So, let’s take a look at some more fallout from the Big Korean Crypto Exchange Cull.

UPbit — the first Korean exchange to get a green light from the government — has been really busy verifying the identities of its 8.3 million users.

From the Korea Herald:

Industry watchers believe UPbit’s user verification could take as long as three months due to its massive user base of 8.3 million and a public ID verification system operated by the Ministry of the Interior and Safety. The ministry’s identity verification system is known to process 3 to 15 verifications per second.”


UPbit will also be rejecting Korean won transactions of over KRW 1 million from Wednesday. That’s tomorrow.

Meanwhile, a lawmaker claimed last week that UPbit has delisted 48% of its coins since the exchange launched its beta service in 2017. Some 7.78% of UPbit’s profits came from these coins, a fact the lawmaker used to accuse the exchange of making money from shitcoins while users took a bath.

For its part, UPbit says it only lists safe digital assets and monitors projects to make sure they meet certain standards. When they don’t, they get delisted. It also rejected accusations that it takes money for listing coins.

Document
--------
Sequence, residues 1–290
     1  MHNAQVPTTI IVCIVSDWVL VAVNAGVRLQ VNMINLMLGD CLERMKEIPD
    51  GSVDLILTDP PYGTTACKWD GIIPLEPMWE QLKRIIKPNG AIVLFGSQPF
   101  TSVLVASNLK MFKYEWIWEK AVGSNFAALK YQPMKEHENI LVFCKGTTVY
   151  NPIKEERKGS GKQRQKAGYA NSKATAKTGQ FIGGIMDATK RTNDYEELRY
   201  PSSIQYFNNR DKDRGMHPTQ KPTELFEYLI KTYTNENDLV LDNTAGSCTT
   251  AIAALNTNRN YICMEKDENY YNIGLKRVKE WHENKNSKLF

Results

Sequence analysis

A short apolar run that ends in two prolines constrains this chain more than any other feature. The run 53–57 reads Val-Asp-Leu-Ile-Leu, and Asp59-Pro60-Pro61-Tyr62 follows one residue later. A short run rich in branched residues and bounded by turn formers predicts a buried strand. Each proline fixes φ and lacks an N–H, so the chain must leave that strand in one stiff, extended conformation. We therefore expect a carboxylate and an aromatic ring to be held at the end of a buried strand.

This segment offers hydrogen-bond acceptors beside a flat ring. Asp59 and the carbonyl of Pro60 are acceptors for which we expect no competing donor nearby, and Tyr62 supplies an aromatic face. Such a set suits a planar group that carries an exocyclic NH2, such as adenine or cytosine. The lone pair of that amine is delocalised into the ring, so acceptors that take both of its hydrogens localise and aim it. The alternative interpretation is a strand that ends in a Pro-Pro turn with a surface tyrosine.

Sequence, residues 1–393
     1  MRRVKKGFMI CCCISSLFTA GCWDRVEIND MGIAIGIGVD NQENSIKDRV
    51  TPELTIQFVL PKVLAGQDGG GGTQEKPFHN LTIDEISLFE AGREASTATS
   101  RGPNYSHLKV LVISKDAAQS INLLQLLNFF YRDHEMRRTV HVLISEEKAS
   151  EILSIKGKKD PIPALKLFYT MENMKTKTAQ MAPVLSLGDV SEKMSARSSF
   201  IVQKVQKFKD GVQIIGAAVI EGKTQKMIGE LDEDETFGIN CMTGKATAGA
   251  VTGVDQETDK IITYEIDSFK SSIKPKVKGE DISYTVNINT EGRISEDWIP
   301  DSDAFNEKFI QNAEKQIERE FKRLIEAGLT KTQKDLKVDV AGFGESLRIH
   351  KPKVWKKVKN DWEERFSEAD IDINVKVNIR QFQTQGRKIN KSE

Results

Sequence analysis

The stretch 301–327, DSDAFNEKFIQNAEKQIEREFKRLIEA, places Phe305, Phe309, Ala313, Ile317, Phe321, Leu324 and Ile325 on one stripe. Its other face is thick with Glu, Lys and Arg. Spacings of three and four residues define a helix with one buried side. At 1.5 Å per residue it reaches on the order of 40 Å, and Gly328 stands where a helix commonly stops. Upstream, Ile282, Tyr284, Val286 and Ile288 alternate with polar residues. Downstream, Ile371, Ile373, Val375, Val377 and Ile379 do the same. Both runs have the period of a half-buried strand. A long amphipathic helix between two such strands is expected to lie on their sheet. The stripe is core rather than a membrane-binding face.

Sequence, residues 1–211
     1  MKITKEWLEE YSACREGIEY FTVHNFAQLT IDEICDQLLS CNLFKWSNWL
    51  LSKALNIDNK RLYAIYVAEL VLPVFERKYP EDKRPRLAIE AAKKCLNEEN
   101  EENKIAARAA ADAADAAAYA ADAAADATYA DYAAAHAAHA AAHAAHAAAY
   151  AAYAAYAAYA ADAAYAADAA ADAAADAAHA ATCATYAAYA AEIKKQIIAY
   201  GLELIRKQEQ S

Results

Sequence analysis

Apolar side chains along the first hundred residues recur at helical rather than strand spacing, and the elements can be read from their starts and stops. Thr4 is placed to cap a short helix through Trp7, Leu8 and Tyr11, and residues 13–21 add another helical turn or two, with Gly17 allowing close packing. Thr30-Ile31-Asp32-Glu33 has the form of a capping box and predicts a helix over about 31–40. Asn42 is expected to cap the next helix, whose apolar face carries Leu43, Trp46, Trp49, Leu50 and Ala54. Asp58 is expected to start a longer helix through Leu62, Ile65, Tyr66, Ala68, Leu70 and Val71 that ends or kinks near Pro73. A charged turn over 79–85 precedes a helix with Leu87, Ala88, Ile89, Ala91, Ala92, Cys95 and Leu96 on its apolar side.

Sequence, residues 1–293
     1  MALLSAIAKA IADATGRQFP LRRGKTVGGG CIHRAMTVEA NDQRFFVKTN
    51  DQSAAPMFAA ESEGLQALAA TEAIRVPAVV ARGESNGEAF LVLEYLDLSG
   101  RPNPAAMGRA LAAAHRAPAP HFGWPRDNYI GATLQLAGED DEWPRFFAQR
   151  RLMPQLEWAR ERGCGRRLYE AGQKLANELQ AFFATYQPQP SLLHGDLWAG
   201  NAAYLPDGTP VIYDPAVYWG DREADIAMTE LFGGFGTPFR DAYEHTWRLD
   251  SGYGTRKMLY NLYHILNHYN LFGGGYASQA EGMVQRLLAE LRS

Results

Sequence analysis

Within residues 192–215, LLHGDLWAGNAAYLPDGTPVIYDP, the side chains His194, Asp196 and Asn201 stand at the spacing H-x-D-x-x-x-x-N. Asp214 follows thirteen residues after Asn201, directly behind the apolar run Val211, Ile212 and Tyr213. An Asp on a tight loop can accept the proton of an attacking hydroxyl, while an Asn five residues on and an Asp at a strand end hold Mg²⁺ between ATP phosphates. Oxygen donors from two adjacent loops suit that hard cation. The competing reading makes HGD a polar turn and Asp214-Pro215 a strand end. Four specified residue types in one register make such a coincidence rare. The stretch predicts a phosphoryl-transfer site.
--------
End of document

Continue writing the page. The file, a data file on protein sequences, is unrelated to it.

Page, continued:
And as if UPbit weren’t having enough fun already, Financial Services Commission chairperson Koh Seungbeom said last week his people would take a good look at UPbit to make sure its business methods sufficiently protected investors.

Koh was responding to accusations that UPbit has a virtual monopoly on trading digital assets in Korea. According to data provided by one opposition party lawmaker, UPbit had an 80% market share as of September.

Koh also told lawmakers that his organization would discuss ways to minimize harm to users owing to the listing and delisting of coins.

Meanwhile, the Financial Intelligence Unit said Monday that deposits from the recently closed exchanges are being returned smoothly. Not even one report of somebody making off with money.

Though not exactly policy related, but nonetheless interesting, Bithumb Korea has been making bank due to its investment in local media company Bucket STUDIO, which holds a 15% stake in a management company founded by actor Lee Jung-jae of “Squid Game” fame.

And while not exactly exchange related, Financial Supervisory Service Governor Jeong Eun-bo told lawmakers last week that systemic standards were needed in regards to NFTs to reflect international trends. However, Finance Minister Hong Nam-ki told lawmakers that NFTs would not be subject to the coming tax on crypto gains.